McKinley Morganfield (April 4, 1913 – April 30, 1983), known professionally as Muddy Waters, was an American blues singer-songwriter and musician…..who is often cited as the “father of modern Chicago blues“….as he was an important figure on the post-war blues scene….whereby his style of playing has been described as “raining down Delta beatitude”.
Muddy Waters grew up on Stovall Plantation near Clarksdale, Mississippi….who by age 17 was playing the guitar and the harmonica….while emulating the local blues artists Son House and Robert Johnson. He was recorded in Mississippi by Alan Lomax for the Library of Congress in 1941….then in 1943, he moved to Chicago to become a full-time professional musician…..and recorded his first records for Columbia Records in 1946….and then for Aristocrat Records….which was a newly formed label run by the brothers Leonard and Phil Chess.
In the early 1950’s, Muddy Waters and his band….with Little Walter Jacobs on harmonica….Jimmy Rogers on guitar….Elga Edmonds (also known as Elgin Evans) on drums….and Otis Spann on piano….plus on several blues classics bassist and songwriter Willie Dixon would join Waters band…..which included songs like “Hoochie Coochie Man”….“I Just Want to Make Love to You”….and “I’m Ready”. In 1958, he traveled to England, laying the foundations of the resurgence of interest in the blues there. His performance at the Newport Jazz Festival in 1960 was recorded and released as his first live album, At Newport 1960. Muddy Waters’ music has influenced various American music genres, including rock and roll and rock music.
In August 1941, Alan Lomax went to Stovall, Mississippi, on behalf of the Library of Congress to record various country blues musicians. “He brought his stuff down and recorded me right in my house” Muddy recalled for Rolling Stone magazine, “and when he played back the first song I sounded just like anybody’s records. Man, you don’t know how I felt that Saturday afternoon when I heard that voice and it was my own voice. Later on he sent me two copies of the pressing and a check for twenty bucks, and I carried that record up to the corner and put it on the jukebox. Just played it and played it and said, ‘I can do it, I can do it.'”….and Lomax came back in July 1942 to record him again…..as both sessions were eventually released by Testament Records as Down on Stovall’s Plantation. The complete recordings were reissued by Chess Records on CD as Muddy Waters: The Complete Plantation Recordings. The Historic 1941–42 Library of Congress Field Recordings in 1993 and remastered in 1997.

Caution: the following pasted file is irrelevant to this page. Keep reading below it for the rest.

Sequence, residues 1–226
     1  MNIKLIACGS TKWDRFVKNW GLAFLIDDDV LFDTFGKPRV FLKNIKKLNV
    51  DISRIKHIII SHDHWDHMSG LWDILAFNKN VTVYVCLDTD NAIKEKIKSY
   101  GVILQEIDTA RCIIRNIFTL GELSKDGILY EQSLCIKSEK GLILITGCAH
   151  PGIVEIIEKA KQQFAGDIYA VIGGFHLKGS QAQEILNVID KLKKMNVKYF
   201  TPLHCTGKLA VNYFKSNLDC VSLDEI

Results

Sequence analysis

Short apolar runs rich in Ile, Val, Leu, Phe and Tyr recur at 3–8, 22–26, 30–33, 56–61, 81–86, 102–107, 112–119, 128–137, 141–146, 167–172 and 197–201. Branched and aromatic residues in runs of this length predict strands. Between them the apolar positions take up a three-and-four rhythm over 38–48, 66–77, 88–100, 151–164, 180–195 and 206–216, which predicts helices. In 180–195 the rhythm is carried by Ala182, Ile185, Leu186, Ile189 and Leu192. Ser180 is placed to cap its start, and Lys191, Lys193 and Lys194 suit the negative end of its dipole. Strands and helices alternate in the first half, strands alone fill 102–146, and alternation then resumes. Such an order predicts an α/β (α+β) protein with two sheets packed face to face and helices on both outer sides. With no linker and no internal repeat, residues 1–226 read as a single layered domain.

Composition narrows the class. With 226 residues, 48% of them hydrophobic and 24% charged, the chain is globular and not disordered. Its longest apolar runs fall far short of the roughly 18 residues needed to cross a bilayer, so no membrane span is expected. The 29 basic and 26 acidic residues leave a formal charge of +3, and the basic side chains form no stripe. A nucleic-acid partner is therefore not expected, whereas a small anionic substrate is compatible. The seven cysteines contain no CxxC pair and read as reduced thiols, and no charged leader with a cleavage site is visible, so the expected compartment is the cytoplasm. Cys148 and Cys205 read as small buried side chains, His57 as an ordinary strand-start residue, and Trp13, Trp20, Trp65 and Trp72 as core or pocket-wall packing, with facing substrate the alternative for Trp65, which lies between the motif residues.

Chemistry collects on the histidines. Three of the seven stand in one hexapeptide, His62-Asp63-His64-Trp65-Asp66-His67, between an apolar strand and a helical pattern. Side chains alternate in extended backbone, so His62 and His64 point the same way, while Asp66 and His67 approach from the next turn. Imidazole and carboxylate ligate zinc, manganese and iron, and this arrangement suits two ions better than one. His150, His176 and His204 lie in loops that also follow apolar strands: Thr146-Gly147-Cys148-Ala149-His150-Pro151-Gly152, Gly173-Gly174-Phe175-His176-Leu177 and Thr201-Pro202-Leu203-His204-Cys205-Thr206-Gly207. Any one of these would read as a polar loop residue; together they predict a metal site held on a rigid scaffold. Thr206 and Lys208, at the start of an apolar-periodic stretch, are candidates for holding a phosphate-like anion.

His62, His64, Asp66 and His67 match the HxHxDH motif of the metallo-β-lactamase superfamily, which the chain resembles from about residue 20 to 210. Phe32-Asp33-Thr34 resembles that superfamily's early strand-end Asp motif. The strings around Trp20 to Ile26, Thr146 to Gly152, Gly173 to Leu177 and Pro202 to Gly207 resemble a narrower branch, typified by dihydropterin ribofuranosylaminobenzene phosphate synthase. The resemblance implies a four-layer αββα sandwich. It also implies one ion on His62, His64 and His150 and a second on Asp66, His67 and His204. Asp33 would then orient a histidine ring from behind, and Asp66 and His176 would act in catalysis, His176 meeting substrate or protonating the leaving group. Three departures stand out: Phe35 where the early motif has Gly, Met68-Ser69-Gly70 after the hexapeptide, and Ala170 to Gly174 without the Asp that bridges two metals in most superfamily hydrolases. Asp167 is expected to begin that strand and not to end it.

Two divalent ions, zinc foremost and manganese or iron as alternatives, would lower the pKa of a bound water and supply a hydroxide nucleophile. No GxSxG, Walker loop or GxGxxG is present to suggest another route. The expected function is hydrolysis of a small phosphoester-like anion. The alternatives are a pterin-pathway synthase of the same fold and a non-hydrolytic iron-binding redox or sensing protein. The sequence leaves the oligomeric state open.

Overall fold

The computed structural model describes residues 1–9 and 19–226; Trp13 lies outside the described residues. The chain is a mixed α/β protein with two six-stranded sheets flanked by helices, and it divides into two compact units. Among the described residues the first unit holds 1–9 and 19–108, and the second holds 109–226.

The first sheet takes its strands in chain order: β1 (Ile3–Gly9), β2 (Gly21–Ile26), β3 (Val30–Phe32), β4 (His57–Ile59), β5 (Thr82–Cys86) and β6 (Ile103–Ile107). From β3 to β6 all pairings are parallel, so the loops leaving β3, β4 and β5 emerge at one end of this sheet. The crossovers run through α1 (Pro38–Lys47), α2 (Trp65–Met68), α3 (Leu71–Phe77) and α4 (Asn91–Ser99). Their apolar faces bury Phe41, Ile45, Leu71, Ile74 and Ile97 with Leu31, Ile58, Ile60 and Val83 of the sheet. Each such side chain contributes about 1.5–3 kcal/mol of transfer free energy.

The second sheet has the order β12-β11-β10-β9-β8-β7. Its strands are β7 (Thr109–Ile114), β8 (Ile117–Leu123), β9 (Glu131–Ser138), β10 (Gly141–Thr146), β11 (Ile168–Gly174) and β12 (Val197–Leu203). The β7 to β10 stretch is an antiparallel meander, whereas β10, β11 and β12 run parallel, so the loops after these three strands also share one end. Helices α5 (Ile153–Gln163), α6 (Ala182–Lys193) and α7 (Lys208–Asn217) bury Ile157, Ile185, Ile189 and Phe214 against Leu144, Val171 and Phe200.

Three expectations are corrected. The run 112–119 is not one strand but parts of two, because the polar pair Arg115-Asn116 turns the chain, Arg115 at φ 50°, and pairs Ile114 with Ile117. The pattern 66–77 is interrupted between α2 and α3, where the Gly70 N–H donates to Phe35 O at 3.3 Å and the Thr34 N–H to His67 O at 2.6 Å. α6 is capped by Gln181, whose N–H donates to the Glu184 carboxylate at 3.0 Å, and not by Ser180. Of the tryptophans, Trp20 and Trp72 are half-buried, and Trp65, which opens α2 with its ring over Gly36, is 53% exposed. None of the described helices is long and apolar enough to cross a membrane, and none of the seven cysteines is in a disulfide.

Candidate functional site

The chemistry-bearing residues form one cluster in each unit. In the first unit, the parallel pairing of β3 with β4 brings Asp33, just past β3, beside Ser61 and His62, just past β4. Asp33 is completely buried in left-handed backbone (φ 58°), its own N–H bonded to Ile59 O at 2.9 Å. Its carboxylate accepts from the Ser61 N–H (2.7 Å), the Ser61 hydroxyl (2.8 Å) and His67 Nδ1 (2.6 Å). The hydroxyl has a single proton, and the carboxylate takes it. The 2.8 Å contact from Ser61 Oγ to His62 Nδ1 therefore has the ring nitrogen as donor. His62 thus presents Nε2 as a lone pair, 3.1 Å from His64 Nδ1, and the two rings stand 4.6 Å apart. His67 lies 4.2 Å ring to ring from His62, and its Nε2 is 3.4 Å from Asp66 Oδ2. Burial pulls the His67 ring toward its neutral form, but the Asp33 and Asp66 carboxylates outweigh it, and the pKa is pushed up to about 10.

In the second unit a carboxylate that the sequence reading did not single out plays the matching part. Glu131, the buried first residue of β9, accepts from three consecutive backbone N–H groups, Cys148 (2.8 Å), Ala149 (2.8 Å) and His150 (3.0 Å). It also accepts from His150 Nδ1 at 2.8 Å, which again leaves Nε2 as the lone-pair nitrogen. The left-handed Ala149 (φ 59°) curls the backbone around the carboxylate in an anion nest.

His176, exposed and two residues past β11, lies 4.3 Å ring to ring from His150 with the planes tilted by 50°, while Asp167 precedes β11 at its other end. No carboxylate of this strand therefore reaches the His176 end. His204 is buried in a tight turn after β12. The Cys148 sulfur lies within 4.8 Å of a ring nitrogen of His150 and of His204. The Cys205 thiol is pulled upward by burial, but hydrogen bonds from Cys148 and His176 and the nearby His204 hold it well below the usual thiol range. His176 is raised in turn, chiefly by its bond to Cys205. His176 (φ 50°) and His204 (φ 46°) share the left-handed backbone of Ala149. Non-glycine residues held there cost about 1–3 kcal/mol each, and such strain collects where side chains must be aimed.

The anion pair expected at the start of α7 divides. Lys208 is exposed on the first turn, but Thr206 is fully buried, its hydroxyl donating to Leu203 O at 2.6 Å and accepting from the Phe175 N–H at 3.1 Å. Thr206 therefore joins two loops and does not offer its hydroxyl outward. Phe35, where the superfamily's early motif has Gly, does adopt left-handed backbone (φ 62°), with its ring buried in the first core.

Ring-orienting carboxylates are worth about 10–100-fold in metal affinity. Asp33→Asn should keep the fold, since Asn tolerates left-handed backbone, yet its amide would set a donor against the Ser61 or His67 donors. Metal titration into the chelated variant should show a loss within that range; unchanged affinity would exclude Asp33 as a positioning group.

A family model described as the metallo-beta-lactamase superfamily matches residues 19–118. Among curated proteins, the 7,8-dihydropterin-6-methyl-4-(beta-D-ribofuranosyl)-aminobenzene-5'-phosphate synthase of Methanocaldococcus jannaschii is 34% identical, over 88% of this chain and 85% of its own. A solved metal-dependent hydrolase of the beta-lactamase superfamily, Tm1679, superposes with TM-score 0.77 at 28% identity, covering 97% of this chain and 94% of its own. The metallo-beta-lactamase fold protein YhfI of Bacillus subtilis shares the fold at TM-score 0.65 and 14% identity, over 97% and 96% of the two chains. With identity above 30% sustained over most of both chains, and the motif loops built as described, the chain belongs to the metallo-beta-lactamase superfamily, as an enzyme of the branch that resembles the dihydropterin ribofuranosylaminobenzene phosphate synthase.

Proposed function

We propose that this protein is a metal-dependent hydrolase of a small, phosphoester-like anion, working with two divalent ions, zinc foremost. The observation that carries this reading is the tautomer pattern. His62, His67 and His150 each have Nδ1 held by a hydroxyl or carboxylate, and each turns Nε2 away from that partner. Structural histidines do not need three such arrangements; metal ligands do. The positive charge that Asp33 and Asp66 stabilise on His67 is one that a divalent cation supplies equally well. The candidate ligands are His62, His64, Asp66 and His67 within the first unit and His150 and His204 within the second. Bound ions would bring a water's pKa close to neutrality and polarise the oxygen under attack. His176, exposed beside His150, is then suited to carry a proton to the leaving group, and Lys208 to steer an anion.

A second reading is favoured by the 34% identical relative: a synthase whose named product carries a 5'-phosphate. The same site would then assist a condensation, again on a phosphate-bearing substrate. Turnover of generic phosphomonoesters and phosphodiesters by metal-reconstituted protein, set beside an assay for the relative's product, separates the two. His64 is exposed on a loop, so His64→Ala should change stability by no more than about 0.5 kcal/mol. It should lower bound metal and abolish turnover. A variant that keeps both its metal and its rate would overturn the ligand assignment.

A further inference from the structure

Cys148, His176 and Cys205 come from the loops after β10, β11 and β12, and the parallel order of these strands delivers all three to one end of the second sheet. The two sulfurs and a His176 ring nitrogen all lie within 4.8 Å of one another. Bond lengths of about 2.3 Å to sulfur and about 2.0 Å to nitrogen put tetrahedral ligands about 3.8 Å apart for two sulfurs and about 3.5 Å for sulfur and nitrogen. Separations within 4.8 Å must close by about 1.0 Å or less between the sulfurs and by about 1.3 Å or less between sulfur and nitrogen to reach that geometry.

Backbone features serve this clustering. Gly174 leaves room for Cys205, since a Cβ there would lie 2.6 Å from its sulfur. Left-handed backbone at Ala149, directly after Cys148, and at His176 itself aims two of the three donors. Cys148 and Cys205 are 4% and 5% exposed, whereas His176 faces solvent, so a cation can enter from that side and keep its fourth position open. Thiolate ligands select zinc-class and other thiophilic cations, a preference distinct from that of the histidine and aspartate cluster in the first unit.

In this video herewith, Muddy Waters performs I’m A Man on stage with The Band at their Last Waltz concert….and as you can imagine….we are “tickled pink” to have this “nugget of gold” in our treasure chest of vintage memories here at ImaSportsphile.